Computer Modelling in Science: Introduction
Modern biological and environmental science is often the study of complex systems and large data sets, and relies on computer models and analyses to understand these systems and data. This module introduces you to the computer programming and modelling techniques that are used in the biological and environmental sciences. Using relevant examples and applications, you’ll become familiar with computer programming and algorithms using the Python programming language, and explore how to analyse image data. You’ll also learn how to construct mathematical models for biological and environmental systems using difference and differential equations, with a particular emphasis on population dynamics, and how to simulate, analyse these models and fit these models to data. In computer laboratory sessions, you’ll apply your learning to specific problems, such as environmental pollution, growth of microbial populations, disease epidemics, or computer manipulation of images of plants, animals or the natural environment.
Microbiology Research Project
You will choose and plan a research project in consultation with a supervisor, and will be required to design experiments, collect, analyse and interpret the data obtained. You’ll carry out a literature review and produce an experimental outline. You'll spend at least three full days per week in this year undertaking your work. Examples of recent projects include:
- Synthetic biology to produce anti-cancer agents
- Antimicrobial resistance in farm isolated E. coli
- Bioethanol fermentation using immobilised microorganisms
- Immune response to Porcine Rotavirus infection
- Improving yeast performance in very high gravity fermentations
- New PCR identification method for Listeria monocytogenes
- Use of a bacteriophage-based detection assay to detect Mycobacteria
Read BURN the Biosciences Undergraduate Research at Nottingham web pages to find out more about undergraduate research projects. BURN is a freely accessible e-journal which showcases final-year research projects undertaken by biosciences students.
The Microflora of Foods
You’ll be given an understanding of: the micro-organisms which are important in foods; the factors which control the development of the microflora of food products and the methods which can be used to isolate and identify bacteria from food products. You’ll spend one day per week in lectures studying for this module.
Molecular Microbiology and Biotechnology
This module will enable you to comprehend the opportunities that protein engineering provides in applied microbiology and to appreciate some of the practical limitations associated with technology. You’ll gain a detailed understanding of prokaryotic protein expression and examples of its application to biotechnology. Practical classes and seminars will provide an insight into the necessary constraints and practicalities of experimental design and execution. The major coursework assignment introduces you to the rigour required for writing scientific papers.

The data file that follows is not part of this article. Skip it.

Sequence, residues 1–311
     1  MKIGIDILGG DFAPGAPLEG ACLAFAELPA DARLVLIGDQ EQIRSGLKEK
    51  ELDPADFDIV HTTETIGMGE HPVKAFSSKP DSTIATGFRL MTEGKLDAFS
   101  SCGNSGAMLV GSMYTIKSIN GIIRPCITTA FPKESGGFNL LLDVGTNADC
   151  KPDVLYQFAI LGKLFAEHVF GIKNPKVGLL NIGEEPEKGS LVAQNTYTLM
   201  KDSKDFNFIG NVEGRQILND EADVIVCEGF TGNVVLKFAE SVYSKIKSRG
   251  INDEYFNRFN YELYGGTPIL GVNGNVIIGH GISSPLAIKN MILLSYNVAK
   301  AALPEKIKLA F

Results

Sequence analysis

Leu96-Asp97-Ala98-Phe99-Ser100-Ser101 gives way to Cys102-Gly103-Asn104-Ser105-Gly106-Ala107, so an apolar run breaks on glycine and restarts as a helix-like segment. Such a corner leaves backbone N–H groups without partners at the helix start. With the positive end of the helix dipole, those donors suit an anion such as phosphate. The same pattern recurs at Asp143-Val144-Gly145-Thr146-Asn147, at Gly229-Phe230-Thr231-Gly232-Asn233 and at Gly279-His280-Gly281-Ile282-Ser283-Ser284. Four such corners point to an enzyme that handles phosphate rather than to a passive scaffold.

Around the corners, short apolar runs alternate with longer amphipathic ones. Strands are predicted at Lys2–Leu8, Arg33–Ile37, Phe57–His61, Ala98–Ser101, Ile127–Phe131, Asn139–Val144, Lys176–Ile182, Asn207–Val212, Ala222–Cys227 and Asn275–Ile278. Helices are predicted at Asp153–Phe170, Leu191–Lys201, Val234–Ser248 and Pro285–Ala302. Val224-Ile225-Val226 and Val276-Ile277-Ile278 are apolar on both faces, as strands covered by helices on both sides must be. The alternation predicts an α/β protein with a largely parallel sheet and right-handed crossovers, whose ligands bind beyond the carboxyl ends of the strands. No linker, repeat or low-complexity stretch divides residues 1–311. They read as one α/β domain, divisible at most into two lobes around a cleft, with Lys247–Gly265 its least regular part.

Plant Cell Signalling
This module deals with the production and perception of plant signalling molecules and the ways in which these signals are integrated to ensure appropriate responses to environmental conditions or plant pathogen attack. You’ll have a three hour lecture each week to study for this module.
Molecular Plant Pathology
This module will cover the molecular techniques being used to develop an understanding of plant/pathogen interactions. It will then cover the molecular biology of plant pathogens, how these cause disease, and the mechanisms used by plants to defend themselves against such pathogens. You’ll have a three hour lecture each week to study for this module.
Rapid Methods in Microbial Analysis
This module will enable you to understand where new methods can replace traditional techniques of microbial detection and recording. You’ll spend four hours in lectures and have a three hour practical each week to study for this module.
This module commences with a review of microbial fermentation, including beer, cheese, yoghurt, meat and single-cell protein production, as well as sewage treatment. The underlying principles of microbial fermentation will be discussed, in addition to specific examples which will be examined in depth. From this basic knowledge the problems of microbial contamination and spoilage of the finished product will be analysed. You’ll spend four hours in lectures and have a four hour practical each week to study for this module.
Virology and Cellular Microbiology
The module will provide an in depth induction into the relationship of bacterial and viral pathogens and their hosts. Including understanding the underlying molecular basis of the adaptive response of bacteria to various environments and the mechanisms by which bacteria and viruses subvert cellular machinery. You’ll have a four hour weekly lecture to cover material for this module.
The modules we offer are inspired by the research interests of our staff and as a result may change for reasons of, for example, research developments or legislation changes. This list is an example of typical modules we offer, not a definitive list.